Princeton professor Angus Deaton wins Economics Nobel

The Sveriges Riksbank Prize in Economic Sciences in Memory of Alfred Nobel 2015 was awarded to British-American economist Angus Deaton "for his analysis of consumption, poverty, and welfare".

Professor Angus DeatonEdinburgh-born microeconomist Angus Deaton of Princeton has been recognised for his analysis of consumption, poverty, and welfare which helped policy makers better design economic policies in a welfare state.

The prize amount is 8 million Swedish krona ($978,060)

In order to design economic policy that promotes welfare and reduces poverty, it is necessary to first understand individual consumption choices. ''More than anyone else, Angus Deaton has enhanced this understanding. By linking detailed individual choices and aggregate outcomes, his research has helped transform the fields of microeconomics, macroeconomics, and development economics,'' the committee noted.

Deaton has tried to correlate three central questions of how consumers distribute their spending among different goods; how much of society's income is spent and how much is saved and how best to measure and analyse welfare and poverty.

Deaton formulated the Deaton Paradox based on the observation of excess smoothness of consumption in the face of unanticipated permanent income shocks. In addition to analysis of household behaviour at the microeconomic level, Deaton's research areas include the measurement of global poverty, health economics and economic development.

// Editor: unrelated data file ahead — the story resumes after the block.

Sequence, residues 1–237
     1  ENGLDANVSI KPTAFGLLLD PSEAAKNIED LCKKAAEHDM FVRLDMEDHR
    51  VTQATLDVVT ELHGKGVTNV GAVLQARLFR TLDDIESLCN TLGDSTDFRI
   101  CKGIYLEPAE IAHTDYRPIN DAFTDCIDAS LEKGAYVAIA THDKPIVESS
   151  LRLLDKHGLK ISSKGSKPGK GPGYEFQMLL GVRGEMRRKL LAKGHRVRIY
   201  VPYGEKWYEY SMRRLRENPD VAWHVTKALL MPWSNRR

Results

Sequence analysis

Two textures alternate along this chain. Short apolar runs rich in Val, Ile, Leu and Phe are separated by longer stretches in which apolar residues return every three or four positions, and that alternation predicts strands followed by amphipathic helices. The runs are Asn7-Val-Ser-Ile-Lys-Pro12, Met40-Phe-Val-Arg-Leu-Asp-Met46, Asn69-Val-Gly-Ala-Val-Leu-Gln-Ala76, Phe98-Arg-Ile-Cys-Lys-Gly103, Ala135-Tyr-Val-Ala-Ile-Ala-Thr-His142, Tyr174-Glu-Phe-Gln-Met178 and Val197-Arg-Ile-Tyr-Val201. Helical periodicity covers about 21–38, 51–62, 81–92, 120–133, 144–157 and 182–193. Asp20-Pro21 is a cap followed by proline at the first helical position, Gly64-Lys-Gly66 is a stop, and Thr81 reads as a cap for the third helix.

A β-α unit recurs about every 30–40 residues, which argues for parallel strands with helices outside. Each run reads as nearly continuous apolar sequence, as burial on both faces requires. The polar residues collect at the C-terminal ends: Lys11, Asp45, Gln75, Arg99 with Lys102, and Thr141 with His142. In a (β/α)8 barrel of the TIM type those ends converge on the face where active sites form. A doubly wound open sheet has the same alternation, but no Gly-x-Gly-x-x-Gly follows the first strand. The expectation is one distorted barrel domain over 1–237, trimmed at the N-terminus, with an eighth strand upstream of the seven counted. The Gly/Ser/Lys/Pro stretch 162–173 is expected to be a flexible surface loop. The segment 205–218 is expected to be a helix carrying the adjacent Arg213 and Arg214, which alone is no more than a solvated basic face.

In order to answer the question of how consumers distribute their spending among different goods it is not only necessary for explaining and forecasting actual consumption patterns, but also crucial in evaluating how policy reforms, like changes in consumption taxes, affect the welfare of different groups.

 In his early work around 1980, Deaton developed the 'Almost Ideal Demand System' - a flexible, yet simple, way of estimating how the demand for each good depends on the prices of all goods and on individual incomes. His approach and its later modifications are now standard tools, both in academia and in practical policy evaluation.

To explain capital formation and the magnitudes of business cycles, it is necessary to understand the interplay between income and consumption over time and how much of society's income is spent and how much is saved.

Around 1990, Deaton showed that the prevailing consumption theory could not explain the actual relationships if the starting point was aggregate income and consumption. Instead, one should sum up how individuals adapt their own consumption to their individual income, which fluctuates in a very different way to aggregate income.

This research clearly demonstrated why the analysis of individual data is key to untangling the patterns we see in aggregate data, an approach that has since become widely adopted in modern macroeconomics.

In his more recent research, Deaton highlights how reliable measures of individual household consumption levels can be used to discern mechanisms behind economic development - and analyse welfare and poverty. His research has uncovered important pitfalls when comparing the extent of poverty across time and place. It has also exemplified how the clever use of household data may shed light on such issues as the relationships between income and calorie intake, and the extent of gender discrimination within the family.